A for-profit company operating out of Grand Prairie, Texas, and its owners, have agreed to settle federal charges that they defrauded consumers by posing as a reference agency that provided non-biased and accurate information about its member companies. The Federal Trade Commission had alleged that rather than offering independent and reliable information, the defendants essentially were shills for their fraudulent business opportunity members, who were primarily vending machine business opportunity sellers. As part of the proposed settlement, Affiliated Vendors Association, Inc., and its owners are permanently banned from receiving any compensation or remuneration in exchange for serving as a reference.
The FTC filed its complaint against Affiliated Vendors Association, Inc., doing business as AVA and North American Business Registry, and Maurice and Joyce Billion as part of the "Operation Dialing for Deception" law enforcement sweep announced on April 15, 2002. According to the complaint, the defendants allegedly ran a sham Better Business Bureau-type organization that gave consumers glowing reports about its members. AVA members allegedly paid the company for pitching their businesses to consumers over the phone. The company never told consumers of its connection to the sellers and misrepresented the support and services that its members would provide to business opportunity purchasers.
To settle the charges, the defendants permanently are banned from receiving any compensation or remuneration in exchange for serving as a reference, and from using the names "Affiliated Vendors Association, Inc.," "North American Business Registry," or any variation of either. The defendants also are prohibited from making any false or misleading statements in connection with any business that reports information on a franchise, business opportunity, or business venture to consumers, and from assisting others engaged in reporting information on a franchise, business opportunity, or business venture to consumers. In addition, the order contains a $400,000 judgment against the defendants, which is suspended based on the defendants' financial information. The entire amount will become due if the court finds that the defendants made any material misrepresentations about their financial situation.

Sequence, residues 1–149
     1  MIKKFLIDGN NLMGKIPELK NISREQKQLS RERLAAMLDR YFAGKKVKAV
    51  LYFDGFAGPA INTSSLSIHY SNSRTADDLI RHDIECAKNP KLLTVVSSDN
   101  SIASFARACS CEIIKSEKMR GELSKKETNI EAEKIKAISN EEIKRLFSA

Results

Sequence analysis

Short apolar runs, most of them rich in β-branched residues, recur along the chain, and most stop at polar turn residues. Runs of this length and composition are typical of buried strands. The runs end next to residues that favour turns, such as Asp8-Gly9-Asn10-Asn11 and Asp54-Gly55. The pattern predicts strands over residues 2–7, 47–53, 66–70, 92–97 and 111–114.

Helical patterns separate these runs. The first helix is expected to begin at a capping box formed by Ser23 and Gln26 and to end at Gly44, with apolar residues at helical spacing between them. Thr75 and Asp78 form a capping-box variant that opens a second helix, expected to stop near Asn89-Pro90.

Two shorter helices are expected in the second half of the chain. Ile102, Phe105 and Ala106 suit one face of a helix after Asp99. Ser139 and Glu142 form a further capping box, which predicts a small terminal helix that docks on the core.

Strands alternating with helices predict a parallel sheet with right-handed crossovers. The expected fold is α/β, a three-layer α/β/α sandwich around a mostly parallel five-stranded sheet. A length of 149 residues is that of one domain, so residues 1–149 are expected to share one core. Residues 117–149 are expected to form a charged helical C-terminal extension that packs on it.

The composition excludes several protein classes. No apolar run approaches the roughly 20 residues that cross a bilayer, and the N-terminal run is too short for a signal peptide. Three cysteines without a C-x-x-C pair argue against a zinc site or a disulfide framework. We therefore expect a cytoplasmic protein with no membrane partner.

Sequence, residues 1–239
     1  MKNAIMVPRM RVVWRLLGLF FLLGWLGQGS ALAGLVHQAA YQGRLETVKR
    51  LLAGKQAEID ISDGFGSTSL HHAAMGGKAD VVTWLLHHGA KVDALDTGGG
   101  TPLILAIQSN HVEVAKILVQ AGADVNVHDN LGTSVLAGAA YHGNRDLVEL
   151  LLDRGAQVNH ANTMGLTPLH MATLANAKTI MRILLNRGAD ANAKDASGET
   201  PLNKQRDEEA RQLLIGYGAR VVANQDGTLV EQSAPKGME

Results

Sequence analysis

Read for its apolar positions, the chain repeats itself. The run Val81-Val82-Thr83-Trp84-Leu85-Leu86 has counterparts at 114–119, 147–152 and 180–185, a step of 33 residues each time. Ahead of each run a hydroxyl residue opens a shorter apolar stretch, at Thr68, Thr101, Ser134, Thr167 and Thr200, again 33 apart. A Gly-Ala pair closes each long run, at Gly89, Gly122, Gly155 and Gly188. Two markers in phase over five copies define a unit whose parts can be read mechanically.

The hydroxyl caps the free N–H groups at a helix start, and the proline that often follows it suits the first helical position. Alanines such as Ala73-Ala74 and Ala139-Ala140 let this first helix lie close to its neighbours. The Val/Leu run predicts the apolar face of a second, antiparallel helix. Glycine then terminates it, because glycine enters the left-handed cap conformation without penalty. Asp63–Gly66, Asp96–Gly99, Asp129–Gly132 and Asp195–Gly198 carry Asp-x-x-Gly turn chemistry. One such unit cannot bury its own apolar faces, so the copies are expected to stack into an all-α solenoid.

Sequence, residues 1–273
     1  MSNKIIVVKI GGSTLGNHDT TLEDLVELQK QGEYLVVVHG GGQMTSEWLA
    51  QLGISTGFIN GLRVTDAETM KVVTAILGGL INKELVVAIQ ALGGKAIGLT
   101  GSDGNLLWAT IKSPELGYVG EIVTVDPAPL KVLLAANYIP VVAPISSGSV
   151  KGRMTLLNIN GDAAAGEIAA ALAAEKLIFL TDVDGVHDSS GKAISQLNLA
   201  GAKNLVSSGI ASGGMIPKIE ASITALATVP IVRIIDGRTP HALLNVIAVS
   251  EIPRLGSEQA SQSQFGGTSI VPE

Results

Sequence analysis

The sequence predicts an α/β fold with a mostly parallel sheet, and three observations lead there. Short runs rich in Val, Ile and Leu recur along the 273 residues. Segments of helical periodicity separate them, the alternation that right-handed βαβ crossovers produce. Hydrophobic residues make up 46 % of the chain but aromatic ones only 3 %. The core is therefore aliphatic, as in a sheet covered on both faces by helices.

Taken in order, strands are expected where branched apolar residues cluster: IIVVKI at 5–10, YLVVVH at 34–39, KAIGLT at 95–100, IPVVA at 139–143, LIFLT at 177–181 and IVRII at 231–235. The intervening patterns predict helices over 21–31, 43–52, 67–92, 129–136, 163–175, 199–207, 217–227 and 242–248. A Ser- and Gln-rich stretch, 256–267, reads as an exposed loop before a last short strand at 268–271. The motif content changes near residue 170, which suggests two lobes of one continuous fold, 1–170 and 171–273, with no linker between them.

The Commission vote to authorize staff to file the stipulated final judgment and order was 5-0. The stipulated final judgment and order was filed in the U.S. District Court for the Northern District of Texas, in Dallas, on July 24, 2002, and entered by the judge on July 25, 2002. The FTC's East Central Region - Cleveland handled this litigation.
NOTE: This stipulated final judgment and order is for settlement purposes only and does not constitute an admission by the defendants of a law violation. Final judgments have the force of law when signed by the judge.
Copies of the stipulated final judgment and order are available from the FTC's Web site at http://www.ftc.gov and also from the FTC's Consumer Response Center, Room 130, 600 Pennsylvania Avenue, N.W., Washington, D.C. 20580. The FTC works for the consumer to prevent fraudulent, deceptive and unfair business practices in the marketplace and to provide information to help consumers spot, stop and avoid them. To file a complaint, or to get free information on any of 150 consumer topics, call toll-free, 1-877-FTC-HELP (1-877-382-4357), or use the complaint form at https://www.ftc.gov/ftc/complaint.htm. The FTC enters Internet, telemarketing, identity theft and other fraud-related complaints into Consumer Sentinel, a secure, online database available to hundreds of civil and criminal law enforcement agencies in the U.S. and abroad.
(FTC Matter No. X020043)
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